Insidious yet benevolent, the colliatur are denizens of Aventyr born both above and below the surface but made in the Underworld; now they’re ready to become part of your Pathfinder Roleplaying Game!
In Underworld Races: Colliatur you’ll find…
Thilo Graf (verified owner) – February 2, 2016
An Endzeitgeist.com review
This installment of the Underworld Races-series clocks in at 19 pages, 1 page front cover, 1 page editorial, 1 page ToC, 1 page SRD, 1 page back cover, leaving us with 14 pages of content, so let’s take a look!
Disclaimer: The Colliatur are based on the colloid, an entity I created for Rise of the Drow. This makes me partial to the concept underlying the race. However, I had no involvement in the concept and creation of this race beyond being asked if the concepts would be true to the spirit in which the colloid was written – I provided neither editing, development, writing or the like for these guys as presented here. I entered this review exceedingly skeptical on whether this race would make sense or stand up in any way to what I expected this to deliver – experience has shown that I usually end up pretty disappointed when I tackle any book with serious expectations. I went into this with a negative bias – so could this survive my scrutiny?
We begin this supplement, as had become the tradition with this line of products, with an introduction to the numerous cataclysms that shaped the underworld of Aventyr – and among these, the colloid. The alien crystalline structure that seeks annihilation of all undead, though, did not go unopposed and thus, the colliatur were born as a race – a blending of the colloid’s body invasion and a pathogen released in the water that did result in some mishaps instead of annihilation of the crystal: Instead of halting the advance of crystallization or becoming one with the colloid, the subjects instead became something new – the shepherds of those lost in the colloid, independent and free-willed – and thus, also a threat – but only for the wicked. For, surprisingly, the colliatur are friendly and inclusive, with hair and bodies laced with crystalline strands and an origin from various races, though, of course, humans are considered the default origin. Say what you want about the colloid – the entity’s intrinsic value of life has a rather interesting effect on the race of the colliatur. In the cloak and dagger backstabbing world of the underdark, tendency towards an ennui-like, benign neutrality is very much a fresh wind.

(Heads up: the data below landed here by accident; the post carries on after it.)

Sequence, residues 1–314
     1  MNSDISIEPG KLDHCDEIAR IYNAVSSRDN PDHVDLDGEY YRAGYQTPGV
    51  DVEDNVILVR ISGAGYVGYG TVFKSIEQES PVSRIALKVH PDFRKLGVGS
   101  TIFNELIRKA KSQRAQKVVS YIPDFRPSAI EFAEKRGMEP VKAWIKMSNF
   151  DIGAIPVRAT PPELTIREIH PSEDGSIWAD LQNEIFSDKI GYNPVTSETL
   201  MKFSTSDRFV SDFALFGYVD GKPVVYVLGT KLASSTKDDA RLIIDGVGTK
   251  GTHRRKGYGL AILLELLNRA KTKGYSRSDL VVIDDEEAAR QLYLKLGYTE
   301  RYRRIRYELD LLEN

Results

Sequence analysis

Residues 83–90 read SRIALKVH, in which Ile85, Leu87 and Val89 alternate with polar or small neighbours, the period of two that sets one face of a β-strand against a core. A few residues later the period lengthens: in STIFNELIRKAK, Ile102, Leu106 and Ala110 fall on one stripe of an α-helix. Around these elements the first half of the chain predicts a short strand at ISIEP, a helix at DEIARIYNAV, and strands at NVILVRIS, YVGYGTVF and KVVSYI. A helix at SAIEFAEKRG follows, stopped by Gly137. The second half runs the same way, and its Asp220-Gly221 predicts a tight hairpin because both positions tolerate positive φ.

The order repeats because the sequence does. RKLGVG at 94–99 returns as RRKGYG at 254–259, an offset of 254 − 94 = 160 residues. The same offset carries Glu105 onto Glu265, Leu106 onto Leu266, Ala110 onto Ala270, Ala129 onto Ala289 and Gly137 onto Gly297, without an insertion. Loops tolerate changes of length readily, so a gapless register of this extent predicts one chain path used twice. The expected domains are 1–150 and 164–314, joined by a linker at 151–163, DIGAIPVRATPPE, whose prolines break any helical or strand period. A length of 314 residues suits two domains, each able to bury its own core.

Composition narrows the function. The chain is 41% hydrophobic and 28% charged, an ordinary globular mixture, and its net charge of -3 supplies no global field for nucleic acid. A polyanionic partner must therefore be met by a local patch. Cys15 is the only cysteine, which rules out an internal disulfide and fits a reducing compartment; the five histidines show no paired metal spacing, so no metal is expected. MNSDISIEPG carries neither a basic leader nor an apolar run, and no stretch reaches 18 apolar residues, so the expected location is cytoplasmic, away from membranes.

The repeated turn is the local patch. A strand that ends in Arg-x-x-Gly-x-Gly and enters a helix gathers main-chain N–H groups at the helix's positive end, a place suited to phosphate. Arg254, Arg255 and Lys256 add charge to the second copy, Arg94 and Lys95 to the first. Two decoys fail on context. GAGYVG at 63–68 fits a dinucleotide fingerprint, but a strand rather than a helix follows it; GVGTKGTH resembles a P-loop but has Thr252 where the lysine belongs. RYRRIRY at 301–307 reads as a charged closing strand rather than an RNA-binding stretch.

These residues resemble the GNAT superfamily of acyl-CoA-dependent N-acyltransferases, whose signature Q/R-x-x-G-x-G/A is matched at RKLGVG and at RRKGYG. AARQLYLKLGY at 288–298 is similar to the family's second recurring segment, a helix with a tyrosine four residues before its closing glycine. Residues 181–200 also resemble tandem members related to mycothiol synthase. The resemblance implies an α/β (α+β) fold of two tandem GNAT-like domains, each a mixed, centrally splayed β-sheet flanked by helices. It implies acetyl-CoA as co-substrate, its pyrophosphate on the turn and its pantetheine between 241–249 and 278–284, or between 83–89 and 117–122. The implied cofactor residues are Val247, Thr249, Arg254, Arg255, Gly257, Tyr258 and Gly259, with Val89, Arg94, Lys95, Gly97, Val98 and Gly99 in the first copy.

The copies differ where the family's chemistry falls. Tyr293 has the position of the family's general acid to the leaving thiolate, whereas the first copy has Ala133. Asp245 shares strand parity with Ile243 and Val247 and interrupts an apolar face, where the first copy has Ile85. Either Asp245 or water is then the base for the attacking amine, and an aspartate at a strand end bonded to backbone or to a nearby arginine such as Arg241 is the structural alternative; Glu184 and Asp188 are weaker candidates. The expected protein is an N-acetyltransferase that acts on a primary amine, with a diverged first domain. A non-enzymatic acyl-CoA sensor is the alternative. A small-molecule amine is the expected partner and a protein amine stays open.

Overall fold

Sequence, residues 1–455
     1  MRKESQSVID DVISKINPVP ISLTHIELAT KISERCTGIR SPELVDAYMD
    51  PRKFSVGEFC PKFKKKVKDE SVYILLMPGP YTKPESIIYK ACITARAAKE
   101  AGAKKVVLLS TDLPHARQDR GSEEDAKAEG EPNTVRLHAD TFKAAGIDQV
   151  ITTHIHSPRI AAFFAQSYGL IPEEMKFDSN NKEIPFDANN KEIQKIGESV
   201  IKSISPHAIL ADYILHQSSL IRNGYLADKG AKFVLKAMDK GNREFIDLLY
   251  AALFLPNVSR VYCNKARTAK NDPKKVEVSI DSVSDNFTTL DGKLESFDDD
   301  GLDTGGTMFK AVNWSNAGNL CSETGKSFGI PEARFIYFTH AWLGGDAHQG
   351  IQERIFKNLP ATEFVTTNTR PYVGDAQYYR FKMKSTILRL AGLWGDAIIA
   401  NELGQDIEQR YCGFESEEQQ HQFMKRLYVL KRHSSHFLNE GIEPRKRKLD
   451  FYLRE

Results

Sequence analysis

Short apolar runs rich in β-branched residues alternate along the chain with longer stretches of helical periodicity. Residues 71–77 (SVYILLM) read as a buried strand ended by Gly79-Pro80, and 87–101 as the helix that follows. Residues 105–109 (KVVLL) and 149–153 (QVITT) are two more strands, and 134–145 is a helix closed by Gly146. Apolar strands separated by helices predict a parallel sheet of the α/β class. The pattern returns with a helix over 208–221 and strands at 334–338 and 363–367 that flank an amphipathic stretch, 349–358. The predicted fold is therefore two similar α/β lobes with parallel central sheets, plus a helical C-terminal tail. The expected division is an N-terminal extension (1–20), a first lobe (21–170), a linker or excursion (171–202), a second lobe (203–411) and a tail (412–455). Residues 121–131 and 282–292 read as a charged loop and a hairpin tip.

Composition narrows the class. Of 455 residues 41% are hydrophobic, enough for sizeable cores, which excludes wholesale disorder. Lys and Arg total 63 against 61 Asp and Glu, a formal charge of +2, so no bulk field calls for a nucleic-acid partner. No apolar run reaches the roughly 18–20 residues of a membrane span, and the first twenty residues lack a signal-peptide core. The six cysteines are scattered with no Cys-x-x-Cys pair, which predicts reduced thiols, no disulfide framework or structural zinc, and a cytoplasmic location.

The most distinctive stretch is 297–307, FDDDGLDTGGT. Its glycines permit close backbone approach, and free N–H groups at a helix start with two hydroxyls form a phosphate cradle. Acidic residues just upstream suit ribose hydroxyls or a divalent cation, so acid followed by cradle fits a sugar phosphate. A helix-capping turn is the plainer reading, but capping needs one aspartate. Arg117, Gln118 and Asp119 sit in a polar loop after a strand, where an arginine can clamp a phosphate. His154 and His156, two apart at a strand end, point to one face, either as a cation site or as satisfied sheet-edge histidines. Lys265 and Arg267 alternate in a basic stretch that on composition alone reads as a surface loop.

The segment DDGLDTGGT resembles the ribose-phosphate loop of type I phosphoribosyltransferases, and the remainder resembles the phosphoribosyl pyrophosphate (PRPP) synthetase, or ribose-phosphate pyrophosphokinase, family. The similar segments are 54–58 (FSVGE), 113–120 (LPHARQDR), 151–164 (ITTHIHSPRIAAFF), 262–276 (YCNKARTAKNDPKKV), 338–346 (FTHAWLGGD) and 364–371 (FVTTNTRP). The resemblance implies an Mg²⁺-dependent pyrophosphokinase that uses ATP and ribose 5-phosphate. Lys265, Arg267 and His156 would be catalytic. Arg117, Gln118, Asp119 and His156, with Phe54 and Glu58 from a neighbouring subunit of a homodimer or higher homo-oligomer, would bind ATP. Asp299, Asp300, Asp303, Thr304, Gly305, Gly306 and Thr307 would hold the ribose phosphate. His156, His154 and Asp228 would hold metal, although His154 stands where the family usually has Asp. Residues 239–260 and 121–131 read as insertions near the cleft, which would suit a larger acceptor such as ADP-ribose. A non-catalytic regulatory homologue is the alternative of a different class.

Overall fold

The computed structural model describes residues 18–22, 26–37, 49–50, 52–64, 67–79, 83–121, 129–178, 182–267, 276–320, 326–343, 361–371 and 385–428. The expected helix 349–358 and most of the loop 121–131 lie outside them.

Racial trait-wise, colliatur may freely choose one ability score to receive a +2 bonus, are native outsiders, get darkvision (not bolded in a minor formatting glitch) and a +2 bonus to AC. 1/day they may deflect a ray as if using the Deflect Arrows feat via their crystalline refractions. Also rather interesting – they receive resistance against negative energy 5, do not lose hit points when taking a negative level and receive a +2 bonus to saves versus necromancy, death, etc. effects. Contact with acid triggers fast healing 2, but thankfully, this healing caps at 2 hp per level per day – solid minor healing sans abuse potential. As sociable and nice fellows, colliatur may try again to positively influence attitudes when only failing by 5 or less. They receive +2 to concentration checks to cast spells defensively and colliatur with Int 11+ may cast comprehend languages, detect magic and read magic 1/day. They also receive +1 to attacks versus undead. This quite an impressive ability array with numerous unique signature abilities – which is great. However, balance-wise, we’d have an issue in spite of the relative scarcity of negative energy…this is offset somewhat by a weakness – the colliatur’s partially crystal bodies are susceptible to sonic damage, rendering them vulnerable. So all in all – the race works.